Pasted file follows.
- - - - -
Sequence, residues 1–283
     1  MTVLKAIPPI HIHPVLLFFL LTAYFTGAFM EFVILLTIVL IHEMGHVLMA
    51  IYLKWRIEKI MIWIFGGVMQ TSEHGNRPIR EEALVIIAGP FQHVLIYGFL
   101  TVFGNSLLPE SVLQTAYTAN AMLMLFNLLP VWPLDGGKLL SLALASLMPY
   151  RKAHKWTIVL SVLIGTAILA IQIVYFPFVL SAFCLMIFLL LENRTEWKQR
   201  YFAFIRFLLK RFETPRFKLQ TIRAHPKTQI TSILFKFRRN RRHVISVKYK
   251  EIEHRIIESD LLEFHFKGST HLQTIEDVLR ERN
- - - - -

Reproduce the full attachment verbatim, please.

Sequence, residues 1–283
     1  MTVLKAIPPI HIHPVLLFFL LTAYFTGAFM EFVILLTIVL IHEMGHVLMA
    51  IYLKWRIEKI MIWIFGGVMQ TSEHGNRPIR EEALVIIAGP FQHVLIYGFL
   101  TVFGNSLLPE SVLQTAYTAN AMLMLFNLLP VWPLDGGKLL SLALASLMPY
   151  RKAHKWTIVL SVLIGTAILA IQIVYFPFVL SAFCLMIFLL LENRTEWKQR
   201  YFAFIRFLLK RFETPRFKLQ TIRAHPKTQI TSILFKFRRN RRHVISVKYK
   251  EIEHRIIESD LLEFHFKGST HLQTIEDVLR ERN